The paper is joined by shapes in Color-Aid—a screen-printed, colored paper originally developed in the ’40s as a backdrop for photographers—which was chosen by Ho for its resonance with the pedagogical methods of Josef Albers. In the work titled Black Square, Ho explains, “A single piece of Color-Aid YG-T1—an apple green—is seen against Rw-Hue and R-Hue (two different reds); on a white and black background; and through a 3/8-inch bronze glass, as well as a combination of 3/8-inch bronze and ¼ inch grey glass. That apple green changes radically depending on adjacencies and transparencies—a lesson that Albers taught long ago, using Color-Aid as his tool.” Of these nine pieces, Shard is the most provisional-seeming of the group; overlapping slabs of clear, grey, and bronze glass rest on two rectangular logs of bleached white oak. “I was cutting off corners of Color-Aid to use as swatches for other pieces,” Ho says, discussing the latter work. “I would throw used corners onto a table, and one day I decided I liked how they fell. Thus, the Color-Aid in Shard is arranged by chance, whereas its arrangement in the other pieces is well-thought-out and composed.”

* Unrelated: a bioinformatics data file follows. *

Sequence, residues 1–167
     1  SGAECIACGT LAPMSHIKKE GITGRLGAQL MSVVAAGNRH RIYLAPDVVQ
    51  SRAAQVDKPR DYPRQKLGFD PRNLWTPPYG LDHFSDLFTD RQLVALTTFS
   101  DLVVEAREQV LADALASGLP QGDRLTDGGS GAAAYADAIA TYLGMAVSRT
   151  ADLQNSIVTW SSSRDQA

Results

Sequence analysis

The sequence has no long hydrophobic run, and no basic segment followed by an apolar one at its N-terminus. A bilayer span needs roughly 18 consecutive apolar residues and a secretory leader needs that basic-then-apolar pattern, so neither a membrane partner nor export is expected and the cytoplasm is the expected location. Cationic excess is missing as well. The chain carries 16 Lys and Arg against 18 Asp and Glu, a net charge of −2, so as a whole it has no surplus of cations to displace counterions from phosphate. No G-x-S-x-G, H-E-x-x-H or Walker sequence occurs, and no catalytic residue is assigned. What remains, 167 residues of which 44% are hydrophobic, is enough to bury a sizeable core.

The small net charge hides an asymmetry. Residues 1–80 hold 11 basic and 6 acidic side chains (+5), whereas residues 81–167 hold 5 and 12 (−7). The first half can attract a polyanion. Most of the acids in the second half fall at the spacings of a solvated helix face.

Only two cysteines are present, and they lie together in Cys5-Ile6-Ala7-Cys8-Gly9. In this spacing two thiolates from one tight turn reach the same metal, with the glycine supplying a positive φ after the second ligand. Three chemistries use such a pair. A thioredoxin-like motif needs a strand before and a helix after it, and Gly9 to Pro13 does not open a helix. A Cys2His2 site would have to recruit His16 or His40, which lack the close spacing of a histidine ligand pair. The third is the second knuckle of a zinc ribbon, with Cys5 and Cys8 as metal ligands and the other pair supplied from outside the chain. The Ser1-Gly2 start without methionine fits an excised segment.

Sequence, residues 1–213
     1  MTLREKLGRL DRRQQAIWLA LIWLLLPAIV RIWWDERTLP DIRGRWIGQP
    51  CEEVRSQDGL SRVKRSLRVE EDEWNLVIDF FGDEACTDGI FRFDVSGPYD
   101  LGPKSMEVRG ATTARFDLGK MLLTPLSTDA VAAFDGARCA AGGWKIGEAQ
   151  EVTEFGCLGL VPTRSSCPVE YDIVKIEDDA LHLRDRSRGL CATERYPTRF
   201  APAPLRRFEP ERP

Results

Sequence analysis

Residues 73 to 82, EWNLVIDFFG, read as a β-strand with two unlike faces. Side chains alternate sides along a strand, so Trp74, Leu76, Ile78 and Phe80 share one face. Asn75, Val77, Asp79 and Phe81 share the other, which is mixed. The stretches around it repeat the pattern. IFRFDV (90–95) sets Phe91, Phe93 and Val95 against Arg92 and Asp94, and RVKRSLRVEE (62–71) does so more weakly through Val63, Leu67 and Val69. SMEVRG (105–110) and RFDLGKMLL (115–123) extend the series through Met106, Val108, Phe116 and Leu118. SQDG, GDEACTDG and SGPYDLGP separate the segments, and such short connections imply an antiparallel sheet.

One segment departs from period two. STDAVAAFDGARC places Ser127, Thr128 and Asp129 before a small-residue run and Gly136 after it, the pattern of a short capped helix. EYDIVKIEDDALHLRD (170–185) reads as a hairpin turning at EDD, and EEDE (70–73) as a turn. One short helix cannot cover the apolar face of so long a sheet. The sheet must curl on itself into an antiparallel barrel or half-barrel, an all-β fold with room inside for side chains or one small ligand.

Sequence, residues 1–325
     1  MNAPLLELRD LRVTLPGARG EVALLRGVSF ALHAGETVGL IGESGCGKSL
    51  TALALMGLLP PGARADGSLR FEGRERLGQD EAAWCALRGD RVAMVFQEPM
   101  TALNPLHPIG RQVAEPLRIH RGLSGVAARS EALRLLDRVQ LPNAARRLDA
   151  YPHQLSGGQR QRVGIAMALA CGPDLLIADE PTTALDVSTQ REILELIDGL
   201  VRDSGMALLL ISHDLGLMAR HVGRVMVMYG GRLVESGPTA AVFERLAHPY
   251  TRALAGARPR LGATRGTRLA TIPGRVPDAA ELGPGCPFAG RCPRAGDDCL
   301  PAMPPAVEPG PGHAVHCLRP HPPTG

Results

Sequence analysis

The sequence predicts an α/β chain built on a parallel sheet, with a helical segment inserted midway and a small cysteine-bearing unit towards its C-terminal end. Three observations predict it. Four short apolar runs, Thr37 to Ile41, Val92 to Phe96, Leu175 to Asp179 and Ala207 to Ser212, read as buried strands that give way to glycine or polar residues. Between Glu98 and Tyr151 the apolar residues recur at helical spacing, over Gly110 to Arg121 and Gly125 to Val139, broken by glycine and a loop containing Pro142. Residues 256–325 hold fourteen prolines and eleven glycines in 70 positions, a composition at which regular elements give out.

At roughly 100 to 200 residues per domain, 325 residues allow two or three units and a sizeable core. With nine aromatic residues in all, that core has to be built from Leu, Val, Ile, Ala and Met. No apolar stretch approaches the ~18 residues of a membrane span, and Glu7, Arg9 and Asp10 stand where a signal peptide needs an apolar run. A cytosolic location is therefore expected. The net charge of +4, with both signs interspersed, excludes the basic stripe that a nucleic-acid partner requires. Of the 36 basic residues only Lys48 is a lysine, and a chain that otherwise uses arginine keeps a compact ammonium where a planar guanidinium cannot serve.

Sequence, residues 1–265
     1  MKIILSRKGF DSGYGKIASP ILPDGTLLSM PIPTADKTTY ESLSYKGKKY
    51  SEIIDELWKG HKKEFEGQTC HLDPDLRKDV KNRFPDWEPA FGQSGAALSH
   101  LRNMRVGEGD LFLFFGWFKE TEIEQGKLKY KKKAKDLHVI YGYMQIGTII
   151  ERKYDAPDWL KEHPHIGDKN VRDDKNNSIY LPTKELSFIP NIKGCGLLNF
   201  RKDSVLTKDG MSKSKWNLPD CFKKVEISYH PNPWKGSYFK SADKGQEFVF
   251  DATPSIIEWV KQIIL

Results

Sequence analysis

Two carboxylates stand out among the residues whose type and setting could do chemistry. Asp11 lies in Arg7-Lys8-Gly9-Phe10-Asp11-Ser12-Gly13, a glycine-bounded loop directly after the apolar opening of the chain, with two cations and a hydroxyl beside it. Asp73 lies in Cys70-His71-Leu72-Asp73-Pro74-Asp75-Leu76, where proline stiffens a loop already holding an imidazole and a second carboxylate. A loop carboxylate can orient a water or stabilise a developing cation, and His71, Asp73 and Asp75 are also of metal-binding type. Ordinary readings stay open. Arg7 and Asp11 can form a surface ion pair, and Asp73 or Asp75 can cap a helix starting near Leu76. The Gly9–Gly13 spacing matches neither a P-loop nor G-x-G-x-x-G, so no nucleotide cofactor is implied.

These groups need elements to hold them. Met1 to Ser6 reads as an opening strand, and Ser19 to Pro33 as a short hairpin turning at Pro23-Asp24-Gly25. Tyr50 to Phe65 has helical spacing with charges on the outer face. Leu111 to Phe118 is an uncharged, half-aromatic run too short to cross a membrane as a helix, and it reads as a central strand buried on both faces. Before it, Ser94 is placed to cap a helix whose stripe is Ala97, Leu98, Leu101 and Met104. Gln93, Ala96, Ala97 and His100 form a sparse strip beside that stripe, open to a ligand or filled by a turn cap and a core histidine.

Ho employed a range of other media to generate various textural and compositional effects—black mirror, CNC-milled foam, ebony. Heart, which features a base of carved, pink-hued Tibetan rock salt, incorporates five distinct types of 22k and 23k gold-leafing; the elegance of those materials is contrasted by a heart-shaped hunk of black, 3D-printed ceramic that rests on the work's antique-glass top. Pastiche has a tabletop of ornately cast Morisco glass. All of the tables are a combination of low- and high-tech, and Ho liasoned with a variety of collaborators to achieve certain components: Manhattan's Dieu Donné assisted with the paper that was watermarked with the original sketches; Parrish Production, in Kentucky, facilitated CNC-milled foam for Half Moon and a wooden portion of Teardrop; Boston's Figulo handled the 3D-ceramic printing; and all of the glass came from NY’s Rosen’s Paramount Glass, a low-key institution that’s been around since the ’20s.